Evening Poetry, March 26

We Are Of A Tribe
by Alberto Ríos

We plant seeds in the ground
And dreams in the sky,
 
Hoping that, someday, the roots of one
Will meet the upstretched limbs of the other.
 
It has not happened yet.
We share the sky, all of us, the whole world:
 
Together, we are a tribe of eyes that look upward,
Even as we stand on uncertain ground.
 
The earth beneath us moves, quiet and wild,
Its boundaries shifting, its muscles wavering.
 
The dream of sky is indifferent to all this,
Impervious to borders, fences, reservations.
 
The sky is our common home, the place we all live.
There we are in the world together.
 
The dream of sky requires no passport.
Blue will not be fenced. Blue will not be a crime.
 
Look up. Stay awhile. Let your breathing slow.
Know that you always have a home here.

You can find this poem in Poetry of Presence: An Anthology of Mindfulness Poems.

Evening Poetry, March 14

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It’s Pi Day, so I found a poem about pie 🙂

Perfect for Any Occasion
by Alberto Ríos

Pies have a reputation.
And it’s immediate—no talk of potential

Regarding a pie.  It’s good
Or it isn’t, but mostly it is—sweet, very sweet

Right then, right there, blue and red.
It can’t go to junior college,

Work hard for the grades,
Work two jobs on the side.

It can’t slowly build a reputation
And a growing client base.

A pie gets one chance
And knows it, wearing as makeup

Those sparkling granules of sugar,
As a collar those diamond cutouts

Bespeaking Fair Day, felicity, contentment.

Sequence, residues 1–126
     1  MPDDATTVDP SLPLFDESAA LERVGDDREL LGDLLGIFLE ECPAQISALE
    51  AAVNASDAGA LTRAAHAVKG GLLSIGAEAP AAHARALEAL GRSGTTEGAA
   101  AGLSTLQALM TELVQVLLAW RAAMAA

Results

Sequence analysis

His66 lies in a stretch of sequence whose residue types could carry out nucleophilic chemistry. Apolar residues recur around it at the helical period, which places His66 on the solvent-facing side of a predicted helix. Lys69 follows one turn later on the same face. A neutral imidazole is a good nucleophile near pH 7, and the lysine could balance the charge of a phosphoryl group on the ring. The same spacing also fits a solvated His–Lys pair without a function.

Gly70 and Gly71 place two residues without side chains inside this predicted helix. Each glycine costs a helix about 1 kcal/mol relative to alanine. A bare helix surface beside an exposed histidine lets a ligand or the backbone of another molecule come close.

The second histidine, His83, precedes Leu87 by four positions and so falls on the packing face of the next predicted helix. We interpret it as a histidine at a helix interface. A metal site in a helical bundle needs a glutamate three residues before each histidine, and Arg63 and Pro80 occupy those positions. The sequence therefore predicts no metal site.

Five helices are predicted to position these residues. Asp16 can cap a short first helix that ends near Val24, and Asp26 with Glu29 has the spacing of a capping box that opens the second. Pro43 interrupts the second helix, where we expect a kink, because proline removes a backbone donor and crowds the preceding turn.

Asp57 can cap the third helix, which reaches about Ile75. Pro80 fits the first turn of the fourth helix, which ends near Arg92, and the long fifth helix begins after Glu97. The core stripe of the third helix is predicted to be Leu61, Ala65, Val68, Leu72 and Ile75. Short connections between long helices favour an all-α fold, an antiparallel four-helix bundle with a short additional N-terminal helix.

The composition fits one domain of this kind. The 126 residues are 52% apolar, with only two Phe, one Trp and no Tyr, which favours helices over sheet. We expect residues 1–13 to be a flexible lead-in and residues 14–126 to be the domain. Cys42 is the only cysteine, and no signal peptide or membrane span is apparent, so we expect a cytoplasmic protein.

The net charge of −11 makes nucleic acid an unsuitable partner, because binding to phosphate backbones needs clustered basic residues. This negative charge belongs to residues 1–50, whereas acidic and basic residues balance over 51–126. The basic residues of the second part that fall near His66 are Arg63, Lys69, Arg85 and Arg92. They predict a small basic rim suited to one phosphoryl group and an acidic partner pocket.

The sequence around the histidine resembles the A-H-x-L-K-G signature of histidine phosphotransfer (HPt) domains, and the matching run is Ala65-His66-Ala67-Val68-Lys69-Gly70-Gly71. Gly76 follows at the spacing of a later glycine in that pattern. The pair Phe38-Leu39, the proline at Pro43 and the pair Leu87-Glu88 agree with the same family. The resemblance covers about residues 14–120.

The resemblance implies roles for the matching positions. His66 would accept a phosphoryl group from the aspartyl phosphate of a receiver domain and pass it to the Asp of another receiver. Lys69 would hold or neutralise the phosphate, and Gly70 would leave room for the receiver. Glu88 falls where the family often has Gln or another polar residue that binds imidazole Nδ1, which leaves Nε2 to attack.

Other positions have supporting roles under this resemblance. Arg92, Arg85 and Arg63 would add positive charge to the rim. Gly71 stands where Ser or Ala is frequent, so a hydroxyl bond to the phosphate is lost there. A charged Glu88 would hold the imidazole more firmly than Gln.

I tell you everything is great, says a pie,

Great, and fun, and fine.
And you smell nice, too, someone says.

A full pound of round sound, all ahh, all good.
Pies live a life of applause.

 

2.

But then there are the other pies.
The leftover pies.  The ones

Nobody chooses at Thanksgiving.
Mincemeat?  What the hell is that? people ask,

Pointing instead at a double helping of Mr.
“I-can-do-no-wrong” pecan pie.

But the unchosen pies have a long history, too.
They have plenty of good stories, places they’ve been—

They were once fun, too—
But nobody wants to listen to them anymore.

Oh sure, everybody used to love lard,
But things have changed, brother—things have changed.

That’s never the end of the story, of course.
Some pies make a break for it—

Live underground for a while,
Doing what they can, talking fast,

Trying to be sweet pizzas, if they’re lucky.
But no good comes of it.  Nobody is fooled.

A pie is a pie for one great day.  Last week,
It was Jell-O.  Tomorrow, it’ll be cake.

You can find this poem in The Dangerous Shirt.